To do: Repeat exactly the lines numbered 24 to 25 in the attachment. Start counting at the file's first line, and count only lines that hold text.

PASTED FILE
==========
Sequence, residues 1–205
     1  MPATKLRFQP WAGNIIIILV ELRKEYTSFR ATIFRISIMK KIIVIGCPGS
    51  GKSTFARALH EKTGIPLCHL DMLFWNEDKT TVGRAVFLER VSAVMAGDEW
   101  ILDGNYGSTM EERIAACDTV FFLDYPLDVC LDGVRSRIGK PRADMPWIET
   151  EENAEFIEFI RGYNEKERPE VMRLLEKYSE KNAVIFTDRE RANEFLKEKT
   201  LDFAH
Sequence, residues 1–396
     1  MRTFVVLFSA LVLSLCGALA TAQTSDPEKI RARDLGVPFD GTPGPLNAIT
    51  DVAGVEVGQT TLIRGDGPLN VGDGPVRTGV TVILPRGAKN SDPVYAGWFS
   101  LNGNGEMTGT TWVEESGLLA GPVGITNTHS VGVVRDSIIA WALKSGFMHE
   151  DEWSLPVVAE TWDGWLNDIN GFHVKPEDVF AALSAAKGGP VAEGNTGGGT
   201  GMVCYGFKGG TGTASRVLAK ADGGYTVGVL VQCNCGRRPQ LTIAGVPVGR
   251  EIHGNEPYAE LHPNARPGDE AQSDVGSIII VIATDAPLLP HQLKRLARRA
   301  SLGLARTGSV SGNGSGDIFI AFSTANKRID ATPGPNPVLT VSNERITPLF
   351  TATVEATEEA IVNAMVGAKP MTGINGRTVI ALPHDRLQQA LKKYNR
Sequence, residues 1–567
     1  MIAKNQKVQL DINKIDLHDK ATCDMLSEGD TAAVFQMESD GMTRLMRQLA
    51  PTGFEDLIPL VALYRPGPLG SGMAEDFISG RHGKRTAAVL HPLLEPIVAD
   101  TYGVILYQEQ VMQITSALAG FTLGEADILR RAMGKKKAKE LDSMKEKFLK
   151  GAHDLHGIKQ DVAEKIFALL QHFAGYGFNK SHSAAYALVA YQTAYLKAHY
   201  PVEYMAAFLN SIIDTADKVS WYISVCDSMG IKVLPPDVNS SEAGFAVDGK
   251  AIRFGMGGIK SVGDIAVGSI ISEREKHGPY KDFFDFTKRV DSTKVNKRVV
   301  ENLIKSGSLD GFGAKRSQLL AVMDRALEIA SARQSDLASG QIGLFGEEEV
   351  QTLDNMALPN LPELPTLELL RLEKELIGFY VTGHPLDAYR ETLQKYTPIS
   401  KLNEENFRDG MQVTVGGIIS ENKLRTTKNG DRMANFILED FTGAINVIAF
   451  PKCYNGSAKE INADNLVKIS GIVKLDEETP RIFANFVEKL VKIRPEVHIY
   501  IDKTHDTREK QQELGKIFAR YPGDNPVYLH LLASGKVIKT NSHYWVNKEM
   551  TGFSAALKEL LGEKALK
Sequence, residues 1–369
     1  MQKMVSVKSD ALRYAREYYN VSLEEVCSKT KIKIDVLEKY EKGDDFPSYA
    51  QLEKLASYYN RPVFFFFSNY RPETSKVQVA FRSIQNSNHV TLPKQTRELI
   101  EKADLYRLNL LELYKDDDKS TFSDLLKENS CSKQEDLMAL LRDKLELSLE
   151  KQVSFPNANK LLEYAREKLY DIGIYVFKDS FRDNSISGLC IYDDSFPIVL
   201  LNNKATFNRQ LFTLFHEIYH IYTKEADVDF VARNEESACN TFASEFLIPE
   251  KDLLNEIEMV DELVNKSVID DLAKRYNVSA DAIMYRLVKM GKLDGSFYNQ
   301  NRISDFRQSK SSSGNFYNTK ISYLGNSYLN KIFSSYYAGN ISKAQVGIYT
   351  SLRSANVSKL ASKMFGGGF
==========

   351  QTLDNMALPN LPELPTLELL RLEKELIGFY VTGHPLDAYR ETLQKYTPIS
   401  KLNEENFRDG MQVTVGGIIS ENKLRTTKNG DRMANFILED FTGAINVIAF